{[a],[]}
    4> Q3 = queue:in(b, Q2).
    {[b],[a]}
    5> Q4 = queue:in(c, Q3).
    {[c,b],[a]}
    6> queue:split(4, Q4).  
    ** exception error: bad argument
         in function  queue:split/2
            called as queue:split(4,{[c,b],[a]})
    7> self().              
    <0.45.0>           
    

Here’s a safe split:


    queue_split_at_most(N, Q) ->
        case queue:len(Q) >= N of
            true ->
                queue:split(N,Q);
            false ->
                {Q, queue:new()}
        end.

A Content-less PUT that returns 201 or 409

Thursday, 14th March, 2013

Thanks to people on the webmachine mailing-list, wmtrace, and the webmachine source (it really does implement the diagram!).

This webmachine resource accepts a PUT request to create a new resource. No content and no content headers are required in the request. A successful request returns 201, and the new resource is accessible at the same url as the PUT. If the resource already exists a 409 is returned.


-module(dragon_resource).
-export([init/1, 
         allowed_methods/2,
         content_types_accepted/2,
         accept_content/2,
         resource_exists/2
	]).

-include_lib("webmachine/include/webmachine.hrl").

init([]) ->
    {ok, undefined}.

allowed_methods(ReqData, Context) -> 
    {['PUT'], ReqData, Context}.

content_types_accepted(ReqData, Context) ->
    {[{"application/octet-stream", accept_content}], ReqData, Context}.

accept_content(ReqData, Context) ->
    {false, ReqData, Context}.

resource_exists(ReqData, Context) ->
    Name = wrq:path_info(name, ReqData),
    case dragon:create(Name) of
        ok ->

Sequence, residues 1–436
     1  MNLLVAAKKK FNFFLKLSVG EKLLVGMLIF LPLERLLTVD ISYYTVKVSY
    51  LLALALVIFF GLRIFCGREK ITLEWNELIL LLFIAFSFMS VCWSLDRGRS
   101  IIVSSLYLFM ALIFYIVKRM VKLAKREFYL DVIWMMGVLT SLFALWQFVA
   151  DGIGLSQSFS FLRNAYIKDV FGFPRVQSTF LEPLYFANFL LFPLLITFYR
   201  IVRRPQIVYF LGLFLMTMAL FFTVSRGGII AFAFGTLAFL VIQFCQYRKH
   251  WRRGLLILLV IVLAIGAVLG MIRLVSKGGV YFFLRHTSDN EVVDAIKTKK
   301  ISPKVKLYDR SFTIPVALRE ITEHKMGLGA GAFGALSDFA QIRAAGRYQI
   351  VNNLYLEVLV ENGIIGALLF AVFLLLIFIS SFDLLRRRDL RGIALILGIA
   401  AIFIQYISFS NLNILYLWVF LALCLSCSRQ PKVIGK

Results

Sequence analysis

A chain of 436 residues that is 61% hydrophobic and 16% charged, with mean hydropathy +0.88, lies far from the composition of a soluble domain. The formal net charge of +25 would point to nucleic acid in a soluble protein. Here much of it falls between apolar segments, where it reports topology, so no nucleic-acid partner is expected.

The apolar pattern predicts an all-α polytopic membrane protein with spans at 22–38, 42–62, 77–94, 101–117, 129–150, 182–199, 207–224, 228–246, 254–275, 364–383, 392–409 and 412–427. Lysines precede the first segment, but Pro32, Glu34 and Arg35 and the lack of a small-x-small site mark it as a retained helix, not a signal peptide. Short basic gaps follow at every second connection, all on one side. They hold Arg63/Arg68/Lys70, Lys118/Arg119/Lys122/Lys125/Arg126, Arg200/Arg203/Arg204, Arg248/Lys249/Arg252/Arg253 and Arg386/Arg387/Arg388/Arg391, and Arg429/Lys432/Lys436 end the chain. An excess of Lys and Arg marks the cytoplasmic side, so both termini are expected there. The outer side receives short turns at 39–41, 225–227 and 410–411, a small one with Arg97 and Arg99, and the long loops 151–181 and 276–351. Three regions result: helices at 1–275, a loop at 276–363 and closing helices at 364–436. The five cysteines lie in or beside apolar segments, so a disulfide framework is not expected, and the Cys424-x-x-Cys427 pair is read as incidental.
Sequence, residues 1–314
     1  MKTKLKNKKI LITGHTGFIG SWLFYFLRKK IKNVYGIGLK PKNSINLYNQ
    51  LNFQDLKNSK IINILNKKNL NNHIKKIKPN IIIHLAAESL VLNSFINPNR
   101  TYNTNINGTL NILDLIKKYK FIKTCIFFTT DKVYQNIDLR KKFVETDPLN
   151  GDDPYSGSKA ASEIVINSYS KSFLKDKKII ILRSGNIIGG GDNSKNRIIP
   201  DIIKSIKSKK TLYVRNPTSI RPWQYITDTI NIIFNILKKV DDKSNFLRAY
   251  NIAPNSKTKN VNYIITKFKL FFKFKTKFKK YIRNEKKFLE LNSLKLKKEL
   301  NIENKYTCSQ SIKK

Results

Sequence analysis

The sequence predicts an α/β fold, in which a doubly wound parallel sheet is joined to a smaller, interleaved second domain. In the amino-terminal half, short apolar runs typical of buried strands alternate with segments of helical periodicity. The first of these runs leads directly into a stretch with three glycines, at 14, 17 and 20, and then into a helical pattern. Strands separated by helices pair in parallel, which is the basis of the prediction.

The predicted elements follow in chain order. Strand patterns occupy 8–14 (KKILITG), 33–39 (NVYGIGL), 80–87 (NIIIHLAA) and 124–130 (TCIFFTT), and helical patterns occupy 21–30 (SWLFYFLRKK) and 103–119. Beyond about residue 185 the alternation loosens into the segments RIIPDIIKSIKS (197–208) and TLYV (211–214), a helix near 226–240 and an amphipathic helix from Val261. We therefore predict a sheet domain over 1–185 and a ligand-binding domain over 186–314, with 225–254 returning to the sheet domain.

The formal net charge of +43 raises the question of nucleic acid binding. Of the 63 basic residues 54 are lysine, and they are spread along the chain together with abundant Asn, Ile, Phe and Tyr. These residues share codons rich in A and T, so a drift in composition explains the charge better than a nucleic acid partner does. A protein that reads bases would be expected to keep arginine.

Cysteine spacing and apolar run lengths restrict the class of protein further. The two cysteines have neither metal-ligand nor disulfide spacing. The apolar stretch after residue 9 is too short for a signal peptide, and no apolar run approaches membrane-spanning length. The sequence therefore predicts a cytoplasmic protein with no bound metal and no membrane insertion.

NewReqData = wrq:set_resp_header("Location",
                                             wrq:path(ReqData),
                                             ReqData),
            {false, NewReqData, Context};
        error ->
            {{halt, 409},  ReqData, Context}
    end.

The relevant dispatch.conf line is:

{["here", "be", "dragons", name], dragon_resource, []}.

Building Web Applications with Erlang

Monday, 20th August, 2012

Building Web Applications with Erlang: Working with REST and Web Sockets on Yaws
By Zachary Kessin

This is a lovely little book. 133 pages long, it’s slim, readable, modest, concrete and to the point. It doesn’t insist on being comprehensive for the sake of filling shelf inches. The author has a simple story to tell, and he tells it simply.

The book introduces the erlang web server Yaws, and covers the Yaws approach to serving dynamic content, templating (with ErlyDTL), streaming, ReST, WebSockets, and so on.

The book is light enough to be worth reading if you’re mildly interested in Yaws, or in erlang for web development, and it’s concrete enough to have one or two exciting new ideas (at least it did for me).

It’s also just a nice read. I’d like to see a lot more computer books like this one.

Unfortunately, the text is marred by O’Reilly’s usual incompetent or negligent editing, littered with typos, language errors and code inconsistencies.

Putting that aside, especially nice for me were the chapter on file upload, showing how the web application can start processing a file even before the file has been fully uploaded, and the appendix on emacs, with its brief introduction to Distel.